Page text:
45 Lady. Where is that slave, thy brother whereis A landless knight makes thee a landed 'squire.- Chat bold; in chase mine honour up and down? Come, madam, and come, Richarıl; we must speed Phil. My brother Robert? old Sir Robert's son? For France, for i'rance; for it is more than need. Lolbrand the giant, that same inighty mian?

'j. e. master of thy majestic figure and dignified appearance. ?The meaning is, “If I had his shape-Sir Robert's-as he has.” Sir Robert his, for Sir Robert's, is agreeable to the practice of that time, when the 's added to the nominative was believed, I think erroneously; to be a contraction of bis. Theobald says, that in this very obscure passage our poet is anticipating the date of another win; humorously to rally a thin face, eclipsed, as it were, by a full-blown rose. We must observe, to explain this aliusion, that queen Elizabeth was the first, and indeed the only prince, who coined in England three-half-pence, and three-farthing pieces. She at one and the same timecoined shillings, sixpences, groats, three-pences, two-pences, three-half-pence, pence, three-farthings, and half-; ence; and these pieces all had her head, and were alternately with the rose behind, and without the rose. The şhilling, groat, two-pence, penny, and half-peony, had it not: the other intermediate coins, viz. the șix-pence, three-pence, three-half-pence, and three-farthings had the rose. But Dr. Warburtun observes, that the sticking roses about them was then all the court-fashion. What then? 5 These expressions mean, says Mr. Steevens, to be born out of wedlock.. " i. e, a step. 'Faulconbridge here entertains himself with the ideas of greatness.--Good den, Sir Richard, he supposes to be the salutation of a vassal. God-a-mercy, tellow, his own supercilious reply to it. 'i. e. respectful. "To pick the teeth, and wear a piqued beard, were, in that time, marks of a traveller, or man affecting foreign' fashions. jo See notes, p. 164. Mi. e. as they then spoke and wrote it, an absey-book, ineaning a cutechism. " Which for this. 1? Dr. Johnson says, our author means, that a woman that trayelled about like a post, was likely to horn her husband,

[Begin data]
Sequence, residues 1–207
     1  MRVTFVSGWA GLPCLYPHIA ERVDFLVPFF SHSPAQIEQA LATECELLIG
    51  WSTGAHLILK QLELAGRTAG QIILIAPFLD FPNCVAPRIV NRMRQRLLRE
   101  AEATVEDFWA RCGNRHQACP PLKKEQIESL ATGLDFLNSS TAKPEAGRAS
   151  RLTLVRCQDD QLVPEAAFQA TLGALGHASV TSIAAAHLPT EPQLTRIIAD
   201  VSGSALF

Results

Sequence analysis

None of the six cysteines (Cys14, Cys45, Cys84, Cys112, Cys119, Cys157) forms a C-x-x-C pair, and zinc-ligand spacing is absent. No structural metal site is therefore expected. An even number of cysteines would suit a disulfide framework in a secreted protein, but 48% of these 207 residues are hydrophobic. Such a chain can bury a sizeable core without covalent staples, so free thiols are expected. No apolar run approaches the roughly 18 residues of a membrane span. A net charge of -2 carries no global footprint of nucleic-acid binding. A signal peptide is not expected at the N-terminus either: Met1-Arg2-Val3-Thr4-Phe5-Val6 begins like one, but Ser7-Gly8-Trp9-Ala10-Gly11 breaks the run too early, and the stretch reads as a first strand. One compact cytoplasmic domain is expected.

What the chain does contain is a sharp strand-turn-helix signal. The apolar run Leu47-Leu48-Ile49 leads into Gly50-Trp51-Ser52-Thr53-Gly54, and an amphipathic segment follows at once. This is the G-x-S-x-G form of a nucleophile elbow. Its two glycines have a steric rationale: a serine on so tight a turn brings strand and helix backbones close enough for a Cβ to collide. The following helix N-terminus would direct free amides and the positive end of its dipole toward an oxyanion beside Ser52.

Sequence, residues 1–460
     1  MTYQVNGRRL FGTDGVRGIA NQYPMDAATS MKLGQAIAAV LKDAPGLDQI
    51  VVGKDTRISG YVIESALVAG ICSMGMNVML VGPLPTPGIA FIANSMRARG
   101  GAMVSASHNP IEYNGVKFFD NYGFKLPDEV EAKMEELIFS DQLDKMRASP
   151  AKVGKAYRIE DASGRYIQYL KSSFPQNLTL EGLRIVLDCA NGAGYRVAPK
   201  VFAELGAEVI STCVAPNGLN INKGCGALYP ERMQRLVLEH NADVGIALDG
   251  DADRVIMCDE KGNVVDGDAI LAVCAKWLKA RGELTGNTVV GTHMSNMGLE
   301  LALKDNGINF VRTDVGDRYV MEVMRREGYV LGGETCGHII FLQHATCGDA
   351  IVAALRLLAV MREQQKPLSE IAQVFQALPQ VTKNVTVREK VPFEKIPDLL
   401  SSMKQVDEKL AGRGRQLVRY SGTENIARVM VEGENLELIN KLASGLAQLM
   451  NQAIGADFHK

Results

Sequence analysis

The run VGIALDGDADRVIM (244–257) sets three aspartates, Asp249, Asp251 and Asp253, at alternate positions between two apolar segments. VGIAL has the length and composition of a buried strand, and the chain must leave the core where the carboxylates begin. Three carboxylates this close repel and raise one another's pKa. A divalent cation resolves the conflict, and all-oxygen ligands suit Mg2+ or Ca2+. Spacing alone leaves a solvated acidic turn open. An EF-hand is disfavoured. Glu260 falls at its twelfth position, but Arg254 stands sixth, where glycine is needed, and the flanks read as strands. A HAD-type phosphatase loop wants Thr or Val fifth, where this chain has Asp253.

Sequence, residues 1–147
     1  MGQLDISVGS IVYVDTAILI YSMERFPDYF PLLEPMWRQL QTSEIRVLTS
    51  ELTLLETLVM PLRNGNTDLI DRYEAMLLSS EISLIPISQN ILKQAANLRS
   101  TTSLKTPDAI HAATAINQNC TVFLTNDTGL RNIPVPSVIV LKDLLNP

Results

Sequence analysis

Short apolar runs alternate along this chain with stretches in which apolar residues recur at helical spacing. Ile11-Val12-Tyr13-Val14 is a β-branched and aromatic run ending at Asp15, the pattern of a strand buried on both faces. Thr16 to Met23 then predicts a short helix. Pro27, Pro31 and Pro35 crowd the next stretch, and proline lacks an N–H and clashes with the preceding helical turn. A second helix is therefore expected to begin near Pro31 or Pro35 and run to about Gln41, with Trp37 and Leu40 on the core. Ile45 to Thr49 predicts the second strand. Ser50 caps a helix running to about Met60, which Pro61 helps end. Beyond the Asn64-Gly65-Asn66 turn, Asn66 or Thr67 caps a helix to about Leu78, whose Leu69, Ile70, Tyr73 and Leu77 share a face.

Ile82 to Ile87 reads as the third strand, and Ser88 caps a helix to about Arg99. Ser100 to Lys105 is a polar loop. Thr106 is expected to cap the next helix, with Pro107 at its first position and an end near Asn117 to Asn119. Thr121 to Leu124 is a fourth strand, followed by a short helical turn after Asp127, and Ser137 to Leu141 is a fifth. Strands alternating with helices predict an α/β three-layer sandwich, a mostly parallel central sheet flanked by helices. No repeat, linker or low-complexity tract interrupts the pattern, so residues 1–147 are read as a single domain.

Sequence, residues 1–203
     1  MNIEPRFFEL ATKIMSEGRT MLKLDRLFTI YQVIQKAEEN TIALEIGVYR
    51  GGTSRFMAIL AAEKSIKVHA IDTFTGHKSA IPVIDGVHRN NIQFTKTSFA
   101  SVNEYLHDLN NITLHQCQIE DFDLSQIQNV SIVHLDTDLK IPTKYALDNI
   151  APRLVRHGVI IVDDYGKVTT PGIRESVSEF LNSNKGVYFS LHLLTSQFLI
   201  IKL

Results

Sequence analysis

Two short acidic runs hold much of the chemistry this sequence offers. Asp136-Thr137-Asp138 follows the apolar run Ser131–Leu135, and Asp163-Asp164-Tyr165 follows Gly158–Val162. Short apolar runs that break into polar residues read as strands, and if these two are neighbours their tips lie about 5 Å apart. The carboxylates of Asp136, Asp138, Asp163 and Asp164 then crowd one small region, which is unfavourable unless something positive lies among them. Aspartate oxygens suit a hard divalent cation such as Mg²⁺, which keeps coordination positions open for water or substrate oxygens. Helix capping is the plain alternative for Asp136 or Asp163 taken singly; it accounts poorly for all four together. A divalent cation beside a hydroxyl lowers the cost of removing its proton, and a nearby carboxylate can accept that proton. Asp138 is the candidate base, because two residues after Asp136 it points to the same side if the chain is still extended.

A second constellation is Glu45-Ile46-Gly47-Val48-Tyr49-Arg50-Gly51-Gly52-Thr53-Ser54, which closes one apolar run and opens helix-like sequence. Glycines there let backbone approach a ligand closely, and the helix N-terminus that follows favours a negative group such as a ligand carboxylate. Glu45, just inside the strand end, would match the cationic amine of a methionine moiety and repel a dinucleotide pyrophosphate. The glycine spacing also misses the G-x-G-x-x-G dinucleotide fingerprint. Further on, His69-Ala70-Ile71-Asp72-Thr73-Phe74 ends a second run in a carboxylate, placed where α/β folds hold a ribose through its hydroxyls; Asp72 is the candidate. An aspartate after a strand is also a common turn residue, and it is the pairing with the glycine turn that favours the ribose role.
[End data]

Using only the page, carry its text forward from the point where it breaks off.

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1; it Sir Roberl's son that you seek so?

Some proper man, I hope; Who was it, mother? Ludy.Sir Robert'sson! Ay, thou unreverend boy, Lady. Hast thoudeny'dthyselfa Fauiconbridge; Sir Robert's son: Why scorn'st thou at Sir Robert Phil. As faithfully as I deny the devil. [ther? He is Sir Robert's son, and so art thou. (while? Lady. King Richard Cæur-de-lion was thy fa

Phil. James Gurney, wilt thou give us leave a 5 By long and vehement suit I was seduc'd
Gur. Good leave', good Philip.

To make room for him in my husband's bed :Phil. Philip ?-sparrow!~James,

Heaven lay not my transgression to my charge! There's toys abroad“; anon I'll tell thee more. Thou art the issue of my dear offence,

[Exit James. Which was so strongly urged, past my defence. Madam, I was not old Sir Robert's son;